PoliticalEngagement of the Younger Generations
Inthe book, "Keeping the Republic," Christine Barbour andGerald Wright portray a case that describes an American as anindividual who is committed to developing and protecting the countrybecause it provides a home for him or her. In this context, Americancitizens include people who are born in the country as well asimmigrants who come in search of better employment, education, andbusiness opportunities among others. Therefore, the level of anindividual`s citizenship in American society can be said to rely onthe quality of their membership in the community. Membershipencompasses civic, economic, political, and social duty. Forinstance, an individual`s level of citizenship is elevated when he orshe consistently participates in the process of electing leaders. Indoing so, the person is committed to making America a better livingplace by ensuring that only people with excellent leadership skillsto manage the country.
Accordingto Barbour and Wright (336), people tend to form political ideologiesand inclination through political socialization processes. Thecontext of citizenship and political socialization described in thepreceding paragraph provides a basis for imagining that not only doesan individual need to be born in America to become a citizen of thecountry, but could also express the desire and actions which aim atimproving the status of the country. Younger people are an importantpart of the political development process of the country. Forinstance, younger people facilitate change by presenting new ideaswithin the American political culture. They also promote theenhancement of democracy because they are less restricted bydiversity issues such as race and culture which affected communityunification process in the past. However, and unfortunately so, onlya few of them are either interested or participate in the politics ofthe country. In the process of examining the political engagement ofthe younger generation, this paper seeks to determine what the UnitedStates need to do to get more people to be interested and activelyparticipate in politics.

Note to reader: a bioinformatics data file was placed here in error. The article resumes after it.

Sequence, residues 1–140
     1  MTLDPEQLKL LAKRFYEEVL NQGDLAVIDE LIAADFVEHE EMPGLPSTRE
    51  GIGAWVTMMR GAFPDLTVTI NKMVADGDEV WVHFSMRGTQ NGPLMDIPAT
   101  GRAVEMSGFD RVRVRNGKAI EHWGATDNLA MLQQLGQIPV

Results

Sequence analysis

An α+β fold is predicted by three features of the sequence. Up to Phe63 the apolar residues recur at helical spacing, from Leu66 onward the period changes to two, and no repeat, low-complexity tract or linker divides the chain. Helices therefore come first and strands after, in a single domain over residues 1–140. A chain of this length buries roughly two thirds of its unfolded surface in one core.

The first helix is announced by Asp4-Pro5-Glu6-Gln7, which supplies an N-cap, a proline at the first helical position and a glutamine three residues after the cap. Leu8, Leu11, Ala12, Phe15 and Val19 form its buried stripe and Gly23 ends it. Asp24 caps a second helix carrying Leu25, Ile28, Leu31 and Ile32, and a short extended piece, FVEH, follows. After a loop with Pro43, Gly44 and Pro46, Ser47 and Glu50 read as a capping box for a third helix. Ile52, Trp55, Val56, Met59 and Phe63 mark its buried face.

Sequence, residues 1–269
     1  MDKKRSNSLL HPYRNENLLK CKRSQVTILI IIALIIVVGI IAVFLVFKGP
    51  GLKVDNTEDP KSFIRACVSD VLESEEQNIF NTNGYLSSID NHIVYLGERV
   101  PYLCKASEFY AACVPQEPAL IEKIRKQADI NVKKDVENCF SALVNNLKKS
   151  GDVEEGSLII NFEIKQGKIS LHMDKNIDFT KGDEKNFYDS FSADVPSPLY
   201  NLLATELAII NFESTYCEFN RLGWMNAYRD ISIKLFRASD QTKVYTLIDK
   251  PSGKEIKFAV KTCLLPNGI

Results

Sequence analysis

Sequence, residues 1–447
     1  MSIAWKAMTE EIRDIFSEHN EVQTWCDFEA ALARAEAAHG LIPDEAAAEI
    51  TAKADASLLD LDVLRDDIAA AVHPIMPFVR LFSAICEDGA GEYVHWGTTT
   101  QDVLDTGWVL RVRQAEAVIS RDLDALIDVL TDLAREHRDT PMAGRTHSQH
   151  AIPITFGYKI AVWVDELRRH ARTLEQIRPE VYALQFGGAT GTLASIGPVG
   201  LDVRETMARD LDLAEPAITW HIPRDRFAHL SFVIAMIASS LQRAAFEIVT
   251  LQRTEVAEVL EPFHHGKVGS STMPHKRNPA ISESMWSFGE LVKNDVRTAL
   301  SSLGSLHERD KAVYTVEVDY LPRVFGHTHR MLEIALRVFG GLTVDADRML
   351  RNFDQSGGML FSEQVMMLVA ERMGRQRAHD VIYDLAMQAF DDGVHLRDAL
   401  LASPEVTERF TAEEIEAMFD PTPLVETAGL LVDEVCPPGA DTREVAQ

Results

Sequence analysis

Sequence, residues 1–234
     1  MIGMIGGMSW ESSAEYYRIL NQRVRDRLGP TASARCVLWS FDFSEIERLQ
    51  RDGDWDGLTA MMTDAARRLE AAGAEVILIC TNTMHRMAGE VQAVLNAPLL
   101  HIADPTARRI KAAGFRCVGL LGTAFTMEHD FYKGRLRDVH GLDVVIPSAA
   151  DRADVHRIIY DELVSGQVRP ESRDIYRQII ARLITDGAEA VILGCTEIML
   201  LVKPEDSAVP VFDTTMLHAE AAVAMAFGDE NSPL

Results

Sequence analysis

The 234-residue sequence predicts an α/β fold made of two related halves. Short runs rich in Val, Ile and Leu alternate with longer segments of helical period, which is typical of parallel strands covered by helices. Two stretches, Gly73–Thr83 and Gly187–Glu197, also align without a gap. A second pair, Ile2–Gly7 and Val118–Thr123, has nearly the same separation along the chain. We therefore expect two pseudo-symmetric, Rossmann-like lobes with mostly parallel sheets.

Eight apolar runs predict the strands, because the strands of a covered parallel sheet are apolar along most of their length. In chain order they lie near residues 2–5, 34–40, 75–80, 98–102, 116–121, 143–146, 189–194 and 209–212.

TheImportance of Getting Young People to be Interested and ActivelyParticipate in Politics
Predominantly,young people’s active participation in politics can boost democracyin the United States. The declining status of democracy in Britainprovides a classic example for understanding and authenticating theabove assertion. Britain’s democracy has been declining because ofthe one-sided nature of the related political processes or politicalopportunity as sometimes called. According to Mycock and Tonge (3),the one-sided nature of the country`s political processes can beexplained within the context of the theory of supply and demand. Thecountry is in need of a large number of politicians to balance everydecision that is made, yet only a few people are either interested oractively participate in politics (Mycock & Tonge 3). Youngpeople, in particular, are relatively less interested in politicscompared to other people. As a result, a group of people affiliatedto a particular political ideology often win debates and dictatevarious decision making processes in different political platforms.
Therefore,if America can get young people to be interested and activelyparticipate in politics, then it would ensure an endless supply ofpoliticians who would make see to it that all factors are keenlyanalyzed, debated, and voted before making final decisions. Thisapproach would strip every decision of any component that wouldcompromise the country`s democratic processes and internationalrelations. On the other hand, if only a few young people participatein politics, then the country may be run by one political ideology.It means that a given politician can one day decide to propose tolimit the citizenship of immigrants. The proposal would be passed byan act if the politician came from a political side with majoritymembers. Correspondingly, it also implies that war decisions would bemade by one political side. Additionally, Affordable Health Carewould also be scrapped off the country’s constitution because theperson who differed with it happened to belong to a dominantpolitical wing.